The greater the number and the higher the proficiency of the community’s businessmen, other things equal, the worse must the rest of the community come off in that game of skilled bargaining and shrewd management by which the businessmen get their gains.
Veblen, The Higher Learning in America(1916)
SUCK IT, B-SCHOOL.
“More than 100 million Americans—one-third of the population—live in poverty or a category called “near poverty.” Yet the stories of the poor and the near poor, the hardships they endure, are rarely told by a media that is owned by a handful of corporations—Viacom, General Electric, Rupert Murdoch’s News Corp., Clear Channel and Disney. The suffering of the underclass, like the crimes of the power elite, has been rendered invisible.”
From the New Yorker regarding the recent factory fire in Bangladesh:
Deaths in modern garment factories tend to be different from plane crashes or many other catastrophic traumas in the slow-motion extravagance of their pain. For minutes, or even hours, workers’ lungs fill up with smoke. For days, even a week, workers struggle to survive under rubble until someone digs them out. Akter told me about a mother in a rural village who came to her for help after Tazreen. During that fire, the woman had gotten a call from her twenty-four-year-old son, a garment worker. “Mom,” he’d said, “there is a fire in the factory. I’m trying my best to escape, but smoke is filling my lungs.”
“Run to the stairs!” his mother told him, according to Akter. “Run to the window, and I’ll hop on a bus to come and get you.”
Ten minutes later, he called again. The stairs were jammed by a stampede. “Mom, I’m trying my best. There is no way I can get out.”
“Go to the toilet,” his mother told him, “and run the water so that it clears the smoke and you can breathe.” The son said, “O.K., I’m doing that.” He tried this, without luck, then returned to the factory floor, where his colleagues’ bodies were piling up in the dark.
Finally, he called home once more. This time, he rang with an apology. “Mom,” he cried, “it will be my last call—I’m dying for sure. I am sorry. I tried my best. I cannot breathe.” He wanted to convey a message. “I’m removing my shirt from my body, and I will tie it to my waist, so you can find me.” So he ripped off his shirt, made a knot around his torso, and collapsed so as to be found the next day by his mother.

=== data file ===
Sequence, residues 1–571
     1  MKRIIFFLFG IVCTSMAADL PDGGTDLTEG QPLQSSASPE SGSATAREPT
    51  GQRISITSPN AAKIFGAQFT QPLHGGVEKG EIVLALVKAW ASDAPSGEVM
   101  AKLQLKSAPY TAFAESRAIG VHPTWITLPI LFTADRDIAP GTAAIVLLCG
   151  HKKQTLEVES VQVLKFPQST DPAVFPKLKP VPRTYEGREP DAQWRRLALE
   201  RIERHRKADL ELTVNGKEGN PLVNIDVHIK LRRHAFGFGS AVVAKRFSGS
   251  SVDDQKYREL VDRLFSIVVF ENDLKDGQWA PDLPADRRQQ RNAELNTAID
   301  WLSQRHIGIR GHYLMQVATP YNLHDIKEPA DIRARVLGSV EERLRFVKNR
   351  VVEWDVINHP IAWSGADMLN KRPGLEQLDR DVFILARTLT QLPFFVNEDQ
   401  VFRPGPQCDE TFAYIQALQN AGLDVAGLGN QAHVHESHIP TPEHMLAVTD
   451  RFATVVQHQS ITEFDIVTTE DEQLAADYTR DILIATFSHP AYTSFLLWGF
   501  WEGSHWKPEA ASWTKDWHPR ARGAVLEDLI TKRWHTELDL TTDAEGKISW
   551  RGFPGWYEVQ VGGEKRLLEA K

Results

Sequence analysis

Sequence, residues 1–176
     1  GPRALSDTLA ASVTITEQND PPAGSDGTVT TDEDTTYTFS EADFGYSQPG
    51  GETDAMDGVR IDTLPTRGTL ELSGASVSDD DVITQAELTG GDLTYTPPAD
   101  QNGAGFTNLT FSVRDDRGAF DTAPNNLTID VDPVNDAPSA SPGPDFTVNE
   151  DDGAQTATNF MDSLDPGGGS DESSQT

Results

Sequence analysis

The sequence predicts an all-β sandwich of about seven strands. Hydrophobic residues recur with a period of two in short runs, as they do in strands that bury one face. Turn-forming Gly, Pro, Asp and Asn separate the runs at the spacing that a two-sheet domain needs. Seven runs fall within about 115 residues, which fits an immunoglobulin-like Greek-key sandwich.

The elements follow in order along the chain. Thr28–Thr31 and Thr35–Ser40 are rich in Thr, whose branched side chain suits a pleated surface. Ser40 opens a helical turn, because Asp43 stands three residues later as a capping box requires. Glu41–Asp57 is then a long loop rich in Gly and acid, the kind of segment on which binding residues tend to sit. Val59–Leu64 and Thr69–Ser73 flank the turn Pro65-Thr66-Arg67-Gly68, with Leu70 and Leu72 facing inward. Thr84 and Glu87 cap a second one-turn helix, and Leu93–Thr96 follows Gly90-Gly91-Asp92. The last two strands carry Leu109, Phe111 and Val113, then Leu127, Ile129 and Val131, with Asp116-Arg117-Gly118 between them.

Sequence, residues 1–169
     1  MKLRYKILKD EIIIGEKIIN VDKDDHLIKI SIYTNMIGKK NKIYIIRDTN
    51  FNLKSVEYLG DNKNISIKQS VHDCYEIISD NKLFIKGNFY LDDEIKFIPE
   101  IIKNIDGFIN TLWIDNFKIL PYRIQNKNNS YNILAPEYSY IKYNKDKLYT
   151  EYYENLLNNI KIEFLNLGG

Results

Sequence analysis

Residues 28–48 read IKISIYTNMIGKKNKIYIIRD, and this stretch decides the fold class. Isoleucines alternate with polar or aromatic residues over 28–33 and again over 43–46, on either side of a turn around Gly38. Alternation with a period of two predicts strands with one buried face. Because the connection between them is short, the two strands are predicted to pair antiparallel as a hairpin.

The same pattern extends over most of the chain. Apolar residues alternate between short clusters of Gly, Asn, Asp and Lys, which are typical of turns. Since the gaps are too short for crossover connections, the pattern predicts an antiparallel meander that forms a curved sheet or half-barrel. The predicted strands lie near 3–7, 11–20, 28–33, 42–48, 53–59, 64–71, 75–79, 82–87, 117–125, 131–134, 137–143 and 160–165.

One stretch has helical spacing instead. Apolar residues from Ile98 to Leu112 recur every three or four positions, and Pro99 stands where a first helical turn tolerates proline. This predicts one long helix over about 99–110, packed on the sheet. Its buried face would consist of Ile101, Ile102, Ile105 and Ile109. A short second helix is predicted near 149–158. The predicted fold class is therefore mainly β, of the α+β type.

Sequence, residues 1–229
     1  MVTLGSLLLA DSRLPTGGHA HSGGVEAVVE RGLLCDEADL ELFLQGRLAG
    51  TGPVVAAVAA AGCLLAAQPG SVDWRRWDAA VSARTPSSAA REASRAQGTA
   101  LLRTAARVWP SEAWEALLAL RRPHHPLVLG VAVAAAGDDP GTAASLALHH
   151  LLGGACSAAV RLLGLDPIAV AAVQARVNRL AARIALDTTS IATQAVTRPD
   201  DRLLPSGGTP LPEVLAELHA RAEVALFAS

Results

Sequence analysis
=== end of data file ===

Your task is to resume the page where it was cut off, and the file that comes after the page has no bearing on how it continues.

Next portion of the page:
WTF world, how can we still allow this to happen?
“What the 1% are is, effectively, a ruling class, they represent the point where concentrated wealth can be turned into political power. National politics in the US has been reduced to battles between different factions of that 1%. This is not just a traditional Marxist bourgeoisie though—and this is where I think it dovetails with the argument in debt—it represents the effects of financialization whereby more and more, economic value is not extracted indirectly, through the wage, but directly, through rents and more generally by what they used to call “political-jural extraction,” which I think was Perry Anderson’s term for feudalism. I’m not saying we’re reverting to feudalism quite, but something else in some ways analogous. Whenever a surplus is extracted directly rather than indirectly, ideology also changes, since it’s much harder to disguise what’s really going on. Hence the neoliberal obsession, noted in the book, in preemptive attacks on anything that even looks like it’s an alternative. They’re barely even trying to convince anyone capitalism is a good system any more; just arguing that no other system is conceivable.”
“Americans have been trained to resent taxes even though we are trying to run an advanced economy Walmart-style. My impression is that the citizens of many other countries are far less exercised about higher tax levels because they perceive they are getting value for money (medical services, good public transportation, etc). By contrast, we’ve had a 30 year campaign to make government incompetent by running it on the cheap and demonizing people who work in government jobs, and the result is less service and more corruption. This experiment is working just fine for those wealthy enough to be effectively stateless or to otherwise isolate themselves. And it will probably take at least a generation for the costs (such as public health problems) to afflict even them. Nicely played.”
Criminal defamation charges against Andy Hall, a prominent labor activist, violate his right to free speech and will have a chilling effect on investigations of alleged rights abuses by companies in Thailand.
The charges stem from a defamation complaint filed on February 14 by the Natural Fruit Company Limited for an investigative report about serious labor rights violations at the company’s factory. If convicted, Hall faces up to two years in prison and civil damages of 300 million baht (US$10 million).
Hall’s report, “Cheap has a high price: Responsibility problems relating to international private label products and food production in Thailand,” alleged that Natural Fruit Company Limited had committed serious labor rights abuses, including poor working conditions, unlawfully low wages, confiscation of workers’ official documents, use of child labor, and excessive overtime.
This is what globalization looks like…